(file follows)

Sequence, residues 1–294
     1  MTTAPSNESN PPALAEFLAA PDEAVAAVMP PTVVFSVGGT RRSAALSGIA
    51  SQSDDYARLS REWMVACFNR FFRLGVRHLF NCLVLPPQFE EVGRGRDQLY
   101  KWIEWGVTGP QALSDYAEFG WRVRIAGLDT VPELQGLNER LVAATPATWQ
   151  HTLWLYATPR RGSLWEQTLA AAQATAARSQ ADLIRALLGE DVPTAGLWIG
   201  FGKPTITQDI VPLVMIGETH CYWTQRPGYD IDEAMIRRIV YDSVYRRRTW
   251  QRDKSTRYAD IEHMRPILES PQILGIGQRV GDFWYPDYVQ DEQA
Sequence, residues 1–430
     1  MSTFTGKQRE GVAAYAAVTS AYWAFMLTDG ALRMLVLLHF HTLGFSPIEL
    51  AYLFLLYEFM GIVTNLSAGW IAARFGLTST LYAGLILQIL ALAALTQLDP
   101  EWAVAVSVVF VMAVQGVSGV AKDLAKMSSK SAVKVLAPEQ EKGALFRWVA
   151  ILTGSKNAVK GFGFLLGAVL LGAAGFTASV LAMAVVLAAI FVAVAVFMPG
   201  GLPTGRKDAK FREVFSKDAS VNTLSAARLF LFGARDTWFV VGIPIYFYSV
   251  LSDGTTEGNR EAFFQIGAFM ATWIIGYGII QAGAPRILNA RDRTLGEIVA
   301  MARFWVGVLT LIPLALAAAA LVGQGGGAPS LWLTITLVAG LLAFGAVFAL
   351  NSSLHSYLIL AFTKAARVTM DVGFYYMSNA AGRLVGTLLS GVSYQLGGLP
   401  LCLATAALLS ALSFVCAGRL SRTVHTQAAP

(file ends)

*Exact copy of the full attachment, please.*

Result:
Sequence, residues 1–294
     1  MTTAPSNESN PPALAEFLAA PDEAVAAVMP PTVVFSVGGT RRSAALSGIA
    51  SQSDDYARLS REWMVACFNR FFRLGVRHLF NCLVLPPQFE EVGRGRDQLY
   101  KWIEWGVTGP QALSDYAEFG WRVRIAGLDT VPELQGLNER LVAATPATWQ
   151  HTLWLYATPR RGSLWEQTLA AAQATAARSQ ADLIRALLGE DVPTAGLWIG
   201  FGKPTITQDI VPLVMIGETH CYWTQRPGYD IDEAMIRRIV YDSVYRRRTW
   251  QRDKSTRYAD IEHMRPILES PQILGIGQRV GDFWYPDYVQ DEQA
Sequence, residues 1–430
     1  MSTFTGKQRE GVAAYAAVTS AYWAFMLTDG ALRMLVLLHF HTLGFSPIEL
    51  AYLFLLYEFM GIVTNLSAGW IAARFGLTST LYAGLILQIL ALAALTQLDP
   101  EWAVAVSVVF VMAVQGVSGV AKDLAKMSSK SAVKVLAPEQ EKGALFRWVA
   151  ILTGSKNAVK GFGFLLGAVL LGAAGFTASV LAMAVVLAAI FVAVAVFMPG
   201  GLPTGRKDAK FREVFSKDAS VNTLSAARLF LFGARDTWFV VGIPIYFYSV
   251  LSDGTTEGNR EAFFQIGAFM ATWIIGYGII QAGAPRILNA RDRTLGEIVA
   301  MARFWVGVLT LIPLALAAAA LVGQGGGAPS LWLTITLVAG LLAFGAVFAL
   351  NSSLHSYLIL AFTKAARVTM DVGFYYMSNA AGRLVGTLLS GVSYQLGGLP
   401  LCLATAALLS ALSFVCAGRL SRTVHTQAAP